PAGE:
Senator FIFIELD (Victoria) (3.19 p.m.)-Senator Ludwig’s opening bat was that the current industrial relations system has stood the test of time and that because it is there it should be treated as a given. On that basis we would not have moved away from CB radios or LPs or horses. Just because something is still there does not mean that it is the best that we can do.
We have had two great pieces of news today. The first is the ABS labour force figures for October, which show that the trend unemployment rate is unchanged at 5.1 per cent. Also, there is fantastic news that the Work Choices package of bills has passed through the other place. They are two great pieces of news which go together. We are putting this package of measures through because we want to see unemployment as low as it can possibly be. Every workplace in Australia is different. Workplaces are changing and the needs of employers and employees are constantly changing. We need to have a workplace relations system that recognises those changes and that can be flexible and able to respond to the changes in the workplaces and in the economy.
We have to lay the foundations today for tomorrow’s economic growth and prosperity. We are enjoying great prosperity today because we have got the policy right over the past decade. Good policy today makes a huge difference to the strength of the Australian economy tomorrow. We can see that in real wages, which have increased over 14 per cent since 1996; in the lowest unemployment rate in 30 years, with more than 1.7 million new jobs created and seven million Australians in full-time work; in the lowest levels of strikes ever; and in higher productivity and higher living standards. But Australian workplaces need to continually change so that we can continue to enjoy this sort of strength.
I would like to cite one instance of a workplace that was seeking to do just that-seeking to respond to its changed circumstances. I am referring to the firm Kemalex Plastics. Ken Phillips in the Canberra Times on Tuesday wrote:
Kemalex Plastics was based in Dandenong. It’s a family business running a struggling plant that needed improvements in work practices to survive. As part of the improvements the company had been using independent contractors for over two years. The National Union of Workers had agreed to this. But … a new enterprise agreement had to be negotiated and the NUW-
the National Union of Workers-
said the independent contractors had to go. The owner said no.
The Colebatch family had been running this business for more than 50 years and had never experienced a strike. They did not know what was about to befall them: that they were going to face the full might, the full onslaught, of an ACTU-National Union of Workers organised industrial campaign. The campaign was for one simple purpose, and that was to use this particular business as an example to highlight what would supposedly happen increasingly under the new workplace relations laws being introduced by this government.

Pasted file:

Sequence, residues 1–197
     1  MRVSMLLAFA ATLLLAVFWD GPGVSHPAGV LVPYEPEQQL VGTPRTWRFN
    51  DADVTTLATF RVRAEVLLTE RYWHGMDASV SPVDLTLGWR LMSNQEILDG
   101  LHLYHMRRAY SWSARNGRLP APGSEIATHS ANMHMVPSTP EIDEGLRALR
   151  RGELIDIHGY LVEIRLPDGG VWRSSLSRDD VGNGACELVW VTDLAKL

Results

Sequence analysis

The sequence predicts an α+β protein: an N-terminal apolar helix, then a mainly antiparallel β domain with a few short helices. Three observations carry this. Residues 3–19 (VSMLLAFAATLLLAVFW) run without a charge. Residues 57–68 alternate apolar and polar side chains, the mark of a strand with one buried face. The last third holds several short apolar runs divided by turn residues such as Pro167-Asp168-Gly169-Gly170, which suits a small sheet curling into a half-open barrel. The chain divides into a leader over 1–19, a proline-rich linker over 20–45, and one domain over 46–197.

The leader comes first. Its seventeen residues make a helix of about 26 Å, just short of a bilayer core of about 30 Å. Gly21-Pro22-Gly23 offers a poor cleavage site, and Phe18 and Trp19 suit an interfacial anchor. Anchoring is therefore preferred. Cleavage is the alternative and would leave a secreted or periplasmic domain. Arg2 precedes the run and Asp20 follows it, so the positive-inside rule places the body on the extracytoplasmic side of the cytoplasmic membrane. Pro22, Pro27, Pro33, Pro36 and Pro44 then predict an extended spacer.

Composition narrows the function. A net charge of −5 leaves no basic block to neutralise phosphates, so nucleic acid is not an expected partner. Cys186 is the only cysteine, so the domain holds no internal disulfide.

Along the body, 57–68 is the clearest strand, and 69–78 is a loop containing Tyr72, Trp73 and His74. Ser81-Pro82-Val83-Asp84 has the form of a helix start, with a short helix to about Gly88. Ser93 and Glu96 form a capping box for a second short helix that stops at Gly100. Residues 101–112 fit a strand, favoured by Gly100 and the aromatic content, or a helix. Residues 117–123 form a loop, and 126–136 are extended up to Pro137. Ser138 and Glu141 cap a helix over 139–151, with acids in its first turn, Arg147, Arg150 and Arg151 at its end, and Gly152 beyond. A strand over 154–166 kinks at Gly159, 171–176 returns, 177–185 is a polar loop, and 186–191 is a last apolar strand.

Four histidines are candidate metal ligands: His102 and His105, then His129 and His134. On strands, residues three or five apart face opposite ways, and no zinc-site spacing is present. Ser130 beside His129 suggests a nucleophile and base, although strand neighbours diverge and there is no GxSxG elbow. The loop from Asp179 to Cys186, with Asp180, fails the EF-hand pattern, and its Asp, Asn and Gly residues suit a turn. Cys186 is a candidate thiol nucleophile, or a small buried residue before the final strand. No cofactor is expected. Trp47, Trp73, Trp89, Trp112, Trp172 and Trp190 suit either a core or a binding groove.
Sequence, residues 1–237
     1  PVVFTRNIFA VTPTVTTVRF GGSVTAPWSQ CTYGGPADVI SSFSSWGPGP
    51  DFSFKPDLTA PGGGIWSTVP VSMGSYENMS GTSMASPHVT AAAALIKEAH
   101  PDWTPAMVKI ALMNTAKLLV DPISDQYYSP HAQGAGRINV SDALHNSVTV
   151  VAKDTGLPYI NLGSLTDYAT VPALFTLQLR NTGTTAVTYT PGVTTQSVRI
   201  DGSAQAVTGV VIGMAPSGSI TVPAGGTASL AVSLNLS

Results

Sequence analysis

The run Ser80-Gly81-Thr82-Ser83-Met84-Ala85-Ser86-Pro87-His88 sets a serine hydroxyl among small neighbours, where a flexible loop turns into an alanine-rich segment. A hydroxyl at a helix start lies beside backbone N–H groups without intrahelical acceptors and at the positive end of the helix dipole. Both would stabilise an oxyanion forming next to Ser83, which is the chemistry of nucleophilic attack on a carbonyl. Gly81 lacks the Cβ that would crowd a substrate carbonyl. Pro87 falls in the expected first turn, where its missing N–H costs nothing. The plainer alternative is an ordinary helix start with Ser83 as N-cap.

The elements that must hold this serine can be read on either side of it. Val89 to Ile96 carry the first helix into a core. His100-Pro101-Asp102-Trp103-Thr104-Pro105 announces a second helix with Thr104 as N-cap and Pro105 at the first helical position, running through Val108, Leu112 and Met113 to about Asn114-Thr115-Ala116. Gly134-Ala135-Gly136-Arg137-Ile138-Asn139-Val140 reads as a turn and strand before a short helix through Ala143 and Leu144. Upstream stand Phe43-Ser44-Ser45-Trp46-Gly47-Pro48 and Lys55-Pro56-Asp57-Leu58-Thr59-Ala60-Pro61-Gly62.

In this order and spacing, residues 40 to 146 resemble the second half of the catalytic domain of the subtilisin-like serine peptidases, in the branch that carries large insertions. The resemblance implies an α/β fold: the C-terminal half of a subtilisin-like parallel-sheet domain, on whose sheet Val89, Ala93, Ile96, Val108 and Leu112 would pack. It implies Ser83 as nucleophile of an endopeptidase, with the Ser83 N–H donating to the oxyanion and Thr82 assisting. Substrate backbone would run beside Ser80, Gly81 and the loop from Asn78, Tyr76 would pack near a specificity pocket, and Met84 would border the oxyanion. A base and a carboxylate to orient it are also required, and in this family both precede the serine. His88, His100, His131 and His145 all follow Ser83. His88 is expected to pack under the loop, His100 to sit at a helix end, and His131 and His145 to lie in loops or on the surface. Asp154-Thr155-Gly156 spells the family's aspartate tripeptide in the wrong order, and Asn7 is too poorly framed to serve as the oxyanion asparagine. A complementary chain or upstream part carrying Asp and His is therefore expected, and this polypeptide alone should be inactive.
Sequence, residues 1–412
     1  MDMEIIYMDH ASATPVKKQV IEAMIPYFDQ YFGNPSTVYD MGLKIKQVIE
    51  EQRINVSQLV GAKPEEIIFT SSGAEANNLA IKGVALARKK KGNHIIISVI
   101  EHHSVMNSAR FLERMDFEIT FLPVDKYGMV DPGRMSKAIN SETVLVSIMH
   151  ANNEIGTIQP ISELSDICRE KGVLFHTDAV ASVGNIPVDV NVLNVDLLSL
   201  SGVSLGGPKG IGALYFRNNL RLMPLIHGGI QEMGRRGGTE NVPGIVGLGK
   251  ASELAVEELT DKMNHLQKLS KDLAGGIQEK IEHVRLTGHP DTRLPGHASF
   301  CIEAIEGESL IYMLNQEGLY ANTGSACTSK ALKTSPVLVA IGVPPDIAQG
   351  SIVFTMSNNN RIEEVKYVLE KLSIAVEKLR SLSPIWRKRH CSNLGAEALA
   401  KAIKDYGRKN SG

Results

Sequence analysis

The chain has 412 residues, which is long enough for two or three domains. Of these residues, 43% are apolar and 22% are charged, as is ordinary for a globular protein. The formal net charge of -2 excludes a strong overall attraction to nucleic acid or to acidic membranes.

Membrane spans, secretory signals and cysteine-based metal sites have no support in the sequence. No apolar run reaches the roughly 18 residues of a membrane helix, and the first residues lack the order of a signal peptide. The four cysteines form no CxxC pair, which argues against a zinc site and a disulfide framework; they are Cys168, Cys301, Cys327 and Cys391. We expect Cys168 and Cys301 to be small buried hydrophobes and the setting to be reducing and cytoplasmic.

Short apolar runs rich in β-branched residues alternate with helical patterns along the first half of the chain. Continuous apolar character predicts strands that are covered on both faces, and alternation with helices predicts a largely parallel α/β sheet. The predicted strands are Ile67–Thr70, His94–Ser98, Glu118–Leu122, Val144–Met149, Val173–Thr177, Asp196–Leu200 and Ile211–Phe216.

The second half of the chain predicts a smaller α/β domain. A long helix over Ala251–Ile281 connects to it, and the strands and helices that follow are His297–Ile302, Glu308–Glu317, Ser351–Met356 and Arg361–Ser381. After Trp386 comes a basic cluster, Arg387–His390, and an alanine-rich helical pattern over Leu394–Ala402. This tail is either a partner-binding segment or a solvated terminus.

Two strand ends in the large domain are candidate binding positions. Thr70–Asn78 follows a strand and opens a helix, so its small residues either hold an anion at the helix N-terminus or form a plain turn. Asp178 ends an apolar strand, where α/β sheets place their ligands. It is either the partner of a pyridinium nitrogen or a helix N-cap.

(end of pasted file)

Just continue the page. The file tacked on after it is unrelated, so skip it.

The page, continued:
There was no great matter of principle at stake here. It was just an act of bastardry against an Australian business to make an example for a political purpose. After 10 weeks of violence, intimidation and media hype, the strike stopped. Why did it stop? Because the final public rally in relation to this particular industrial act had happened, that particular element of the ACTU campaign was over, so as a result the strike ended. The only problem was that it was too late. Mr Colebatch has since put the Dandenong plant into administration and the plant is broke for one simple reason: the strike cost that family business about $1 million as a result of legal fees, lost production, lost sales, plant and truck damage, excess transport fees and sabotage. That was the result.
This business was not a victim of cheap imports, corporate downsizing or globalisation; it was a victim of industrial bastardry. This was an Australian business that was simply trying to change its workplace relations to better reflect the needs of the business so it could continue to give jobs to workers, as it had done for 50 years. The changes that we are introducing, which have been passed in the other place and will come to this chamber, are designed to help businesses like this employ more Australians.